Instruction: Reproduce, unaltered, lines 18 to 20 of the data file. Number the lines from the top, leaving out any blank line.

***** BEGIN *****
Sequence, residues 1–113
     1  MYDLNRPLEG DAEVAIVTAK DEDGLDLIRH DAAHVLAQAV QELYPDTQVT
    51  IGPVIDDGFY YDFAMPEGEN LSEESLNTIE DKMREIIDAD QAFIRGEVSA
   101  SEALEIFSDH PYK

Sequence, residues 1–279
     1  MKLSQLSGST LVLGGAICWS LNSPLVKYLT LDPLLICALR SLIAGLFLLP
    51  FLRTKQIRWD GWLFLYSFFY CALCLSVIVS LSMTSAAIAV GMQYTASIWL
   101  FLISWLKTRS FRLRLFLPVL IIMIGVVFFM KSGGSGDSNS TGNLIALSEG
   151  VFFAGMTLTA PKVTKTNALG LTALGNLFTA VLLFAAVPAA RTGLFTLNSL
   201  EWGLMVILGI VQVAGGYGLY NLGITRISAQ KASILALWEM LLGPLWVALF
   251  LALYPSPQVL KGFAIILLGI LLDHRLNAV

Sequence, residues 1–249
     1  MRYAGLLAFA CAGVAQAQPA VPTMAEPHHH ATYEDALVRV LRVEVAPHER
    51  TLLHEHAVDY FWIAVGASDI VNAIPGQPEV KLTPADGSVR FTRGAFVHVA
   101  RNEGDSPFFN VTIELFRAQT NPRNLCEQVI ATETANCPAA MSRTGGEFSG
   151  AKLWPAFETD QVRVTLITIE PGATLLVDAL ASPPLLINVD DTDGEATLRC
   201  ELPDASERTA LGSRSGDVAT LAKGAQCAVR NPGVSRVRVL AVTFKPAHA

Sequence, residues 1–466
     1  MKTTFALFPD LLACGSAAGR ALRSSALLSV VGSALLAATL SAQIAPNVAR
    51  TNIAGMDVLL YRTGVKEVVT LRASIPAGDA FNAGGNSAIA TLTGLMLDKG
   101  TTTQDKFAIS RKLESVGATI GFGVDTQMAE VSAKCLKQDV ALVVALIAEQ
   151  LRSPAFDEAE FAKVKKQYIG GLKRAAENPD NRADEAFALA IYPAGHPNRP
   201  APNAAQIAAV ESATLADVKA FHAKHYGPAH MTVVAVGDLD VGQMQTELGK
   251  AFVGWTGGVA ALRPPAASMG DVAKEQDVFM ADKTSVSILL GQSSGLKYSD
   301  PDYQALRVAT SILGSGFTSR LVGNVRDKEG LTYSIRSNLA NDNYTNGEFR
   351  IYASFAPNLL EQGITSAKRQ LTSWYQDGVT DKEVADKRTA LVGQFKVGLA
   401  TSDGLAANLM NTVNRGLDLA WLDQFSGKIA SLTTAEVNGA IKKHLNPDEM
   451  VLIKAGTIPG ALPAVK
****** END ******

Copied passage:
Sequence, residues 1–466
     1  MKTTFALFPD LLACGSAAGR ALRSSALLSV VGSALLAATL SAQIAPNVAR
    51  TNIAGMDVLL YRTGVKEVVT LRASIPAGDA FNAGGNSAIA TLTGLMLDKG